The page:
Architecture and Design

How architects are changing high-rise living with amazing balconies that stand out in more ways than one

From the cantilevered balconies of L’Arbre Blanc in France to the open-air skydecks of Singapore’s Oasia, architects are finding new ways for balconies to extend living areas, add some green and enliven otherwise ordinary structures

PUBLISHED : Wednesday, 31 January, 2018, 8:15pm
UPDATED : Thursday, 01 February, 2018, 7:14pm

When Japanese architect Sou Fujimoto took the stage in Hong Kong recently, he opened his talk with an image of the lush greenery of his native Hokkaido. “Nature was part of my childhood,” he said.

That eventually worked his way into his architecture. Many of Fujimoto’s projects have sought to weave nature into the built environment, including one Tokyo house with radically transparent walls and another with an internal garden.

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For much of his career, though, Fujimoto’s ideas were limited to conceptual work, like his 2013 Serpentine Gallery Pavilion in London’s Hyde Park which used a grid of white steel poles to frame views of the surrounding greenery.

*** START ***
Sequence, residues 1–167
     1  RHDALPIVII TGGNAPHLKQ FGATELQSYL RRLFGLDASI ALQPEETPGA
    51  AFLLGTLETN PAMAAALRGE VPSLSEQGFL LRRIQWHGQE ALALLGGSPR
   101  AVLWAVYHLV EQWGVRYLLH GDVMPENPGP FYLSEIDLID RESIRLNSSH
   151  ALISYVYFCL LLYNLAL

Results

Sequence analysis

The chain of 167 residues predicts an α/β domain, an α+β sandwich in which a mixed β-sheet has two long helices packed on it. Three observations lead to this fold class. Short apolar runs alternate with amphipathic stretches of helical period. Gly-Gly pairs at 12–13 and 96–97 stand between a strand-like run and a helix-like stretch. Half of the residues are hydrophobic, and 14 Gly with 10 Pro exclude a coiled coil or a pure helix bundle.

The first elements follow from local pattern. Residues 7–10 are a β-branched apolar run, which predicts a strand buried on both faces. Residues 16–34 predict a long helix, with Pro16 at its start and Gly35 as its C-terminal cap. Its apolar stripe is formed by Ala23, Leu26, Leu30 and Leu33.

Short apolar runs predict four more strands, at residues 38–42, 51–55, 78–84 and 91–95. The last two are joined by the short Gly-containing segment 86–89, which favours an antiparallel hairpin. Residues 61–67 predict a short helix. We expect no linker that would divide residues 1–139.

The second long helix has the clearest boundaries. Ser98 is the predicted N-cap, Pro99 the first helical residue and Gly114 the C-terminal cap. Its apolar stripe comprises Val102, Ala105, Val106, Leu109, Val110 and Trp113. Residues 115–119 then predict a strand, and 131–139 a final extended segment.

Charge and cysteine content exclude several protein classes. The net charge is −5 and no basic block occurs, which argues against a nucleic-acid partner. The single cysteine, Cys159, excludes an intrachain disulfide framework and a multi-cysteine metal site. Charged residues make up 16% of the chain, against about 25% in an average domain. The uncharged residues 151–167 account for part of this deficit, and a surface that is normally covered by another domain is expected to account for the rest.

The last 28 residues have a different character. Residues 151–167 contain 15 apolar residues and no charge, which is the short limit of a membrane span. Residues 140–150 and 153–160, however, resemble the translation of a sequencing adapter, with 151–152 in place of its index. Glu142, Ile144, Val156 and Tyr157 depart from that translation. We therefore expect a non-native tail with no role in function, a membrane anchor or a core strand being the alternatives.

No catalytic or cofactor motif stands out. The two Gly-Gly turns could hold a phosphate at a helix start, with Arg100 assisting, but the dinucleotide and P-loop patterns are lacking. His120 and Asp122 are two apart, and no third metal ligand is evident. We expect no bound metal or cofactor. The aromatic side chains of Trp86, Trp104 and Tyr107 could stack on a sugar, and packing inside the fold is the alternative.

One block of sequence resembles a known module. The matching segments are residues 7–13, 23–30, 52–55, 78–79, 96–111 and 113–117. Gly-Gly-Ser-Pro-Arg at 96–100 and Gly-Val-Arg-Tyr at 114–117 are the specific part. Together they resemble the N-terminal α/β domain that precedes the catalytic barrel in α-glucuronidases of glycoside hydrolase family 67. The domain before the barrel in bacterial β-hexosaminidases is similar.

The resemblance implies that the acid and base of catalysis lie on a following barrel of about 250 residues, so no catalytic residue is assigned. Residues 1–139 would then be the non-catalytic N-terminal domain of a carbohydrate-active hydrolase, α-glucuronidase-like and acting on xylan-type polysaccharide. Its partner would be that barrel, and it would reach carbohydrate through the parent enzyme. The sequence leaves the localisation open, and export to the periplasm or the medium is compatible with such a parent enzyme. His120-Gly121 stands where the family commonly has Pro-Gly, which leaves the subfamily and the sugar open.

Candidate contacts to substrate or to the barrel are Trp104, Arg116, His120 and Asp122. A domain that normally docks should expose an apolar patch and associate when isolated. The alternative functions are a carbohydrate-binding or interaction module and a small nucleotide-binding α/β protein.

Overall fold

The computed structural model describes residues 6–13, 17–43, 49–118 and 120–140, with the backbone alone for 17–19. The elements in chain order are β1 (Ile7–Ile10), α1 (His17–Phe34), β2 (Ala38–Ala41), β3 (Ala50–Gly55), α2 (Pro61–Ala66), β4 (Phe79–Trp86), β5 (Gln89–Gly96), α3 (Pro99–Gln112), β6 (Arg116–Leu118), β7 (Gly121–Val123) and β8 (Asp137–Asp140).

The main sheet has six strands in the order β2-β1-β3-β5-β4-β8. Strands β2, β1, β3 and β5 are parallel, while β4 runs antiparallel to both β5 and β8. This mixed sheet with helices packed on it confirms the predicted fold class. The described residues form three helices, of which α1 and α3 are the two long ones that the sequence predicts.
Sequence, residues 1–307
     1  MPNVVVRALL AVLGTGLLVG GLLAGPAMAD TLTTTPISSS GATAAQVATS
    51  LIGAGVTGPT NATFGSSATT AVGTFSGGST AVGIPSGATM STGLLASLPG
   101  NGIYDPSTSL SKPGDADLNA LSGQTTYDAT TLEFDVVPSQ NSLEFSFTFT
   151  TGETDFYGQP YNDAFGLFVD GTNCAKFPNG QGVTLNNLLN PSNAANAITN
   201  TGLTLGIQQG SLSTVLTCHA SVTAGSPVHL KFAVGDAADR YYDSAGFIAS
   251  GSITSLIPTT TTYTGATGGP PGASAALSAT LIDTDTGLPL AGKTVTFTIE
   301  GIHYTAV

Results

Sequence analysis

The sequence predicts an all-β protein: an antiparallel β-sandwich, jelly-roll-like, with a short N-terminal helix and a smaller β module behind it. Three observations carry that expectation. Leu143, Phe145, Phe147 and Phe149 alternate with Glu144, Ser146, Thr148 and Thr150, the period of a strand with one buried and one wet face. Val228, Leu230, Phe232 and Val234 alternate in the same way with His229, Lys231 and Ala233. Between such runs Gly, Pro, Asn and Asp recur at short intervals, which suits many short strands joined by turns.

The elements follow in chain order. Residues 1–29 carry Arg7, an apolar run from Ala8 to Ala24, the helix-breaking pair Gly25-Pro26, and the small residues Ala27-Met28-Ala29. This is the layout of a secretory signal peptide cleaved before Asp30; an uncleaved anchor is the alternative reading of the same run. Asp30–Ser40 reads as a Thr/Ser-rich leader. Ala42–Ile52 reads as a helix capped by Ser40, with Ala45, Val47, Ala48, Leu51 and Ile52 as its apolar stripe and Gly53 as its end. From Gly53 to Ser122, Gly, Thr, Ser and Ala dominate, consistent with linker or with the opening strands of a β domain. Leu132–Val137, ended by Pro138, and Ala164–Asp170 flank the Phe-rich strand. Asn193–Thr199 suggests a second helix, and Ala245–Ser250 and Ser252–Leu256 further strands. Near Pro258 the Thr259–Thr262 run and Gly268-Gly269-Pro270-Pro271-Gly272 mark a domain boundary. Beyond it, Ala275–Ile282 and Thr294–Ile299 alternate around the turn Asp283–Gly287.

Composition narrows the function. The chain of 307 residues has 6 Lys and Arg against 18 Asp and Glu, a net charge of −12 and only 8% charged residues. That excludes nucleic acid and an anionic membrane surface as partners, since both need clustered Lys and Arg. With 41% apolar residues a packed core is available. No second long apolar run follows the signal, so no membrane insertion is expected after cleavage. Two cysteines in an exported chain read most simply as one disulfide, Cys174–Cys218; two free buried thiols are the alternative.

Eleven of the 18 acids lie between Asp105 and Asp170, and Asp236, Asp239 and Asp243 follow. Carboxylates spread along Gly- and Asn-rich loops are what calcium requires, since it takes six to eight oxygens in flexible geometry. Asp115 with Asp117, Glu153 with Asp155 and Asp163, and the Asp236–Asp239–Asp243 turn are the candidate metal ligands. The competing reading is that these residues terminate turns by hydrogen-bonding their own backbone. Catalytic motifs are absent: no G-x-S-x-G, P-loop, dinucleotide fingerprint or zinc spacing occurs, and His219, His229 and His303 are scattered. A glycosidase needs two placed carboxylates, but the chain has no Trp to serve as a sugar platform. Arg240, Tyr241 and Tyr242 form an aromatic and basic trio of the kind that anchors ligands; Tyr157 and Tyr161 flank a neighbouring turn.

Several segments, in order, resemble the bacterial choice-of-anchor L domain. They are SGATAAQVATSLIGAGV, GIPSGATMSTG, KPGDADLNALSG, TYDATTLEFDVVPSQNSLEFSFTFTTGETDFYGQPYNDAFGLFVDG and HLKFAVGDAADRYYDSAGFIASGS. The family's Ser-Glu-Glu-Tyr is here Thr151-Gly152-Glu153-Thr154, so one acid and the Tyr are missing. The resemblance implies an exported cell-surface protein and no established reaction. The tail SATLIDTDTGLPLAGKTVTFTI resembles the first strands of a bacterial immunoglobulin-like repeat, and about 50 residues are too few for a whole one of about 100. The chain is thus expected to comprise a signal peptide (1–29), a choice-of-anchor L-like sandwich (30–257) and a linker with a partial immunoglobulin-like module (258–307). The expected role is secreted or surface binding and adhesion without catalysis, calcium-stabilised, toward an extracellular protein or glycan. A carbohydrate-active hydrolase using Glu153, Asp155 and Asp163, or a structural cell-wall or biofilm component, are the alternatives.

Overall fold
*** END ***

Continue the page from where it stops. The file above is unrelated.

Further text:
Now he has finally been able to scale up his vision. Construction is underway on L’Arbre Blanc, a 17-storey, 120-unit apartment tower in the southern French city of Montpellier.

Each flat in L’Arbre Blanc opens onto an extraordinarily deep cantilevered balcony, which gives the building the appearance of a giant pinecone – although Fujimoto prefers to compare it to a tree, something which is reflected in the building’s name, which means “The White Tree” in French.

Fujimoto is not alone in his focus on balconies. Around the world, architects have taken a new interest in the outdoor spaces as a way to extend living areas, infuse buildings with greenery and enliven otherwise ordinary structures.

From a distance, the surface of Jeanne Gang’s Aqua Tower in Chicago appears to undulate like a wave, a visual trick caused by irregularly shaped balconies – some of which protrude as much as 3.7 metres from the building’s surface. Ma Yansong’s sinuous Absolute Towers, which rise from the flat suburban landscape of Mississauga, Canada, use unbroken balconies that wrap around the entirety of each floor to emphasise the buildings’ curves.

Balconies have long been a feature of building design. “Without the balcony, the history of the world would have looked completely different,” said architect Rem Koolhaas at the 2014 Venice Biennale, which focused on the fundamental elements of architecture. Leaders issue proclamations perched upon them; Juliet stood on one as she proclaimed her love for Romeo. In a more domestic sense, balconies provide an outdoor space to dry laundry, grow plants and relax in the fresh air for countless apartment dwellers.

My dream is to create architecture without walls
Sou Fujimoto